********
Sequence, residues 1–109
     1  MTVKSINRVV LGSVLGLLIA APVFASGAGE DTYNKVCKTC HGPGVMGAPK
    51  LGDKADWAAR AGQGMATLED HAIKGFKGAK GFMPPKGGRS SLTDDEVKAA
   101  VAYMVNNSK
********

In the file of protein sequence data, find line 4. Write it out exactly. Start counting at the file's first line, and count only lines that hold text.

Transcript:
   101  VAYMVNNSK